A Yuletide Throwback Thursday: 3 Christmas Event Traditions, Then and Now

A Yuletide Throwback Thursday: 3 Christmas Event Traditions, Then and Now

Merry Christmas! And a cheery ’tis-the-season “thank you” to all our vendors, partners, readers and clients. You guys are our favorite people; we wouldn’t be here without you, and we wish you all a holiday season decked in lights and smothered in gravy. Not to get too sappy on ya, but this is inevitably the time of year when our thoughts turn to the past, and we remember with gratitude how far we’ve come not just as a company, but as an industry. Fancy a spot of history?

Macy’s Thanksgiving Day Parade

Started in 1924 by Macy’s department store employees, many of whom “were first-generation European immigrants. Proud of their new American heritage, they wanted to celebrate the American holiday of Thanksgiving with the type of festival their parents had loved in Europe.”

[The] employees marched to Macy’s flagship store on 34th Street dressed in vibrant costumes. There were floats, professional bands and live animals borrowed from the Central Park Zoo. At the end of that first parade, as has been the case with every parade since, Santa Claus was welcomed into Herald Square. At this first parade, however, the Jolly Old Elf was enthroned on the Macy’s balcony at the 34th Street store entrance, where he was then “crowned” ‘King of the Kiddies.’ With an audience of over 250,000 people, the parade was such a success that Macy’s declared it would become an annual event.

What started as an audience of 250,000 is now closer to one million.

Rockefeller Center Christmas Tree Lighting

Event Production Blog: First Christmas Tree Lighting

Here’s one for the event designers: did you know that the electric Christmas light was invented by none other than that titan of power, Thomas Edison? Before that, people lit their Christmas trees with actual candles, causing no shortage of house fires. The very first electrical Christmas tree lights were used in 1882 by Thomas Edison’s business partner, Edward Johnson, but they didn’t really catch on until President Grover Cleveland used them at the White House. Thirty years later, “the official Christmas tree tradition at Rockefeller Center began in 1933 (the year 30 Rockefeller Plaza opened), [but] the unofficial tradition began during the Depression-era construction of Rockefeller Center, when workers decorated a smaller 20 feet (6.1 m) balsam fir tree with ‘strings of cranberries, garlands of paper, and even a few tin cans’ on Christmas Eve (December 24, 1931), as recounted by Daniel Okrent in his history of Rockefeller Center.[10] One claim is the tree had some gum wrappers and detonator blasting caps as decorations.”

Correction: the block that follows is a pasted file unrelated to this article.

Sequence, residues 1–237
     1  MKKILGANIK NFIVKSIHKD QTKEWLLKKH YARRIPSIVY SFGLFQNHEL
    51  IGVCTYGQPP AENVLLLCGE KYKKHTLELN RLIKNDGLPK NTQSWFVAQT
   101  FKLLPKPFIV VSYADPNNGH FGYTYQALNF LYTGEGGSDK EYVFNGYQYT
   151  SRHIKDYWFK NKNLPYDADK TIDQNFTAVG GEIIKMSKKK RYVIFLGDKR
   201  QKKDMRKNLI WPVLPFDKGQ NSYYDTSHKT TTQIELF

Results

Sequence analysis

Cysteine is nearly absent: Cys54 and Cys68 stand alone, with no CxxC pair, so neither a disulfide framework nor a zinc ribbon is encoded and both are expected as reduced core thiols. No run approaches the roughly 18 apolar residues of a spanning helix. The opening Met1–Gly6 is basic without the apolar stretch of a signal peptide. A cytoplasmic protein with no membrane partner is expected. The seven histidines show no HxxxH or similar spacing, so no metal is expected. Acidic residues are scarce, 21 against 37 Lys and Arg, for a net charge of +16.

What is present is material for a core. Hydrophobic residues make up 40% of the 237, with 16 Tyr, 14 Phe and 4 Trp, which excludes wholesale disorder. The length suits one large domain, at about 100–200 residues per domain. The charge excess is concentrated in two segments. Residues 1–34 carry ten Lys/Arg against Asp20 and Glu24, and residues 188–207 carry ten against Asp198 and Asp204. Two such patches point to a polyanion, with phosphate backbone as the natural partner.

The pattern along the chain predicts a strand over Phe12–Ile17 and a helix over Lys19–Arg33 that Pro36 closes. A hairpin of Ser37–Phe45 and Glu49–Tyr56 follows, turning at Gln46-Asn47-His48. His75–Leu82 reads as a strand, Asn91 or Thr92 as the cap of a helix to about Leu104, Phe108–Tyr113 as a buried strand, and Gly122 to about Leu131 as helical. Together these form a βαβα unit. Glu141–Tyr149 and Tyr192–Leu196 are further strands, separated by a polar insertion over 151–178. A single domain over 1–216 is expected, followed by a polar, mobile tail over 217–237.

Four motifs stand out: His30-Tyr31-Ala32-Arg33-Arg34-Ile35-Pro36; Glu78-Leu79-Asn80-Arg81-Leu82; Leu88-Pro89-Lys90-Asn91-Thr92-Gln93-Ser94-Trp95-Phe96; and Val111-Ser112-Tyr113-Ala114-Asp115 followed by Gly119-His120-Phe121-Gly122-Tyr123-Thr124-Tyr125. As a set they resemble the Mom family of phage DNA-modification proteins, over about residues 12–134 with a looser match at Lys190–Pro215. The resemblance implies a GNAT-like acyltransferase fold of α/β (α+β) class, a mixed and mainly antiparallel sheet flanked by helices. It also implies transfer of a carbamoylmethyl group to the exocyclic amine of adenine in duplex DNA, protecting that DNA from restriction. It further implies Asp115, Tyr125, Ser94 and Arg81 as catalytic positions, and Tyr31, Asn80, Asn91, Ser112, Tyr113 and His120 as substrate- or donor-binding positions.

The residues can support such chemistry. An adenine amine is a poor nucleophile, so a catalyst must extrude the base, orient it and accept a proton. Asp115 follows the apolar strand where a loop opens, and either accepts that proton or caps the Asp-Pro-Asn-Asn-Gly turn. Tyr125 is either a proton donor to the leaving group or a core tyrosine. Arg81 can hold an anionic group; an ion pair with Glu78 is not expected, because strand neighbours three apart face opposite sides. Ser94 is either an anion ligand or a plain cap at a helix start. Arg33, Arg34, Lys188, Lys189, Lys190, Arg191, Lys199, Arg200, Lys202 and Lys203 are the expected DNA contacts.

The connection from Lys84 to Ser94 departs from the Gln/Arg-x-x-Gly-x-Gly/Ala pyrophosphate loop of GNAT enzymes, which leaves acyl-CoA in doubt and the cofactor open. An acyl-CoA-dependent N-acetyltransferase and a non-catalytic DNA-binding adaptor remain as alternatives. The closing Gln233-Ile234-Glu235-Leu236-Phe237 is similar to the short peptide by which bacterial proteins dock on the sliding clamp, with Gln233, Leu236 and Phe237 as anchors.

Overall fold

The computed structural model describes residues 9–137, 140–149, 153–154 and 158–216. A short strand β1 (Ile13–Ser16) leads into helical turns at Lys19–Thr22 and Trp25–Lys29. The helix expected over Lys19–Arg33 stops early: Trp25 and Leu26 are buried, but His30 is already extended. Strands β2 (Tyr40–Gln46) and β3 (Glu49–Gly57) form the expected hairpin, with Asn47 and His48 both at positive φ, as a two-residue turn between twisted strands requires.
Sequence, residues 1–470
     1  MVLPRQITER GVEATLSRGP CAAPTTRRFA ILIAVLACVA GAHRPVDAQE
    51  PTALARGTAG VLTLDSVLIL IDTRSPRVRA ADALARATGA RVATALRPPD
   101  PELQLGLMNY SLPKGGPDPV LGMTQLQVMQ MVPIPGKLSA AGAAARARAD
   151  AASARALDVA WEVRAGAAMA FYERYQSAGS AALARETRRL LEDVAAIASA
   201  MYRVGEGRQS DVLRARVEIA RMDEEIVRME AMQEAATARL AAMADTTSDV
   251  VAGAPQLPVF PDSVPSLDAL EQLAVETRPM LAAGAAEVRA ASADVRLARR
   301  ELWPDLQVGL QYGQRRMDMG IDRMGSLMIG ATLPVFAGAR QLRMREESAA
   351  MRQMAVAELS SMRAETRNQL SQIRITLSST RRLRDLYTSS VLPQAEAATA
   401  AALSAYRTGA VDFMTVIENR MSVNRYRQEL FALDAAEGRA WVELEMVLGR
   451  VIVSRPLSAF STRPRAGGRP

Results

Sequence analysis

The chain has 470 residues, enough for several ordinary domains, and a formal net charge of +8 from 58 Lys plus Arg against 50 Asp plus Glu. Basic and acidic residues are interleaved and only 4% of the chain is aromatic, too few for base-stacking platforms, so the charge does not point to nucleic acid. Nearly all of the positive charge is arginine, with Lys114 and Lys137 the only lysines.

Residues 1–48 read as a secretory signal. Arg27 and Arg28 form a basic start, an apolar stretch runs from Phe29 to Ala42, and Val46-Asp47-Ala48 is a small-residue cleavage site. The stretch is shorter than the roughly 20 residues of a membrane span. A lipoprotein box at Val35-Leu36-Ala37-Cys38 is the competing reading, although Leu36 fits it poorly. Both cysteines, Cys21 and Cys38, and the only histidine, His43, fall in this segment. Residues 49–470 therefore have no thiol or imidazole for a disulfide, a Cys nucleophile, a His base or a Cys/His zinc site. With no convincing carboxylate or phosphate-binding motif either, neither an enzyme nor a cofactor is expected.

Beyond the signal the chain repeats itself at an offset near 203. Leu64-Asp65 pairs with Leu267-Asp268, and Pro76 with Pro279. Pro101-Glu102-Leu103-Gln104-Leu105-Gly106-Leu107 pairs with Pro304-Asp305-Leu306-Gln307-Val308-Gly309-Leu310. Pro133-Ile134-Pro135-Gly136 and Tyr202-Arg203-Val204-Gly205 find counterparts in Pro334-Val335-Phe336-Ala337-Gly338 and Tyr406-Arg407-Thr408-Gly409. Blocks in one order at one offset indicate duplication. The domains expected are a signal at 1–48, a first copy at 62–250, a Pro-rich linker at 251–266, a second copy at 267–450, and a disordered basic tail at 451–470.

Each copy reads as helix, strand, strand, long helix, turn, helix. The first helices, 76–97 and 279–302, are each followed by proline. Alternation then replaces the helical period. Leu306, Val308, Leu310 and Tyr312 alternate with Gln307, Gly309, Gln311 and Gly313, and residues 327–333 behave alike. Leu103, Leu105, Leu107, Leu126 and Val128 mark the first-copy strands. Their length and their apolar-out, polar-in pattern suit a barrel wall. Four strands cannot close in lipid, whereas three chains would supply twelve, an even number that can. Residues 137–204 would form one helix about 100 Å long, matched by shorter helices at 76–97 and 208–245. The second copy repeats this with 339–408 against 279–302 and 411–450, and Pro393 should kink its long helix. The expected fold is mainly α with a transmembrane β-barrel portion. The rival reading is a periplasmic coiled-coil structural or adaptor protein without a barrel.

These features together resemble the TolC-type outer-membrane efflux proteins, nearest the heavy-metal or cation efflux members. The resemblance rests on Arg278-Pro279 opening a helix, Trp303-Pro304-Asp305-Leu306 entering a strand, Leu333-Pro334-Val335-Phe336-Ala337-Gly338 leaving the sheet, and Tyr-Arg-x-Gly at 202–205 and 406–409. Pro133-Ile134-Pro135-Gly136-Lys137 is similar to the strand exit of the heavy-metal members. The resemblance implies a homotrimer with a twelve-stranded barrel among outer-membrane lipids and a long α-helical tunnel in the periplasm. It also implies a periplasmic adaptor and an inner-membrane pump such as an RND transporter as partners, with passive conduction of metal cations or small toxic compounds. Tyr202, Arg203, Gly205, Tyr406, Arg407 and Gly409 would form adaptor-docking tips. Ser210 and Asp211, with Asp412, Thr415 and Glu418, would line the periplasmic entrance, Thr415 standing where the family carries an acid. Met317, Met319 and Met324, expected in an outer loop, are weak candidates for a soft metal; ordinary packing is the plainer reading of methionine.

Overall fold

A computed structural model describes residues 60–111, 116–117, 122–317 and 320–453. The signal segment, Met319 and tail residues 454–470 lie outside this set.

These days? Things are little more polished:

Event Production Blog: History of Rockefeller Center Christmas Tree Lighting

Good Save: the NORAD Santa Tracker

Did you know that the much-beloved NORAD Santa Tracker program began with an event marketing slip-up?

The program began on December 24, 1955, when a Sears department store placed an advertisement in a Colorado Springs newspaper which told children that they could telephone Santa Claus and included a number for them to call. However, the telephone number printed was misprinted and calls instead came through to Colorado Springs’ Continental Air Defense Command (CONAD) Center. Colonel Harry Shoup, who was on duty that night, told his staff to give all children who called in a “current location” for Santa Claus. A tradition began which continued when the North American Aerospace Defense Command (NORAD) replaced CONAD in 1958.

These days, the program is run by a series of volunteers and staff. Here’s the ad misprint that made history:

Event Production Blog: NORAD Santa Tracker SEARS

Neat, yeah?

David Sonntag
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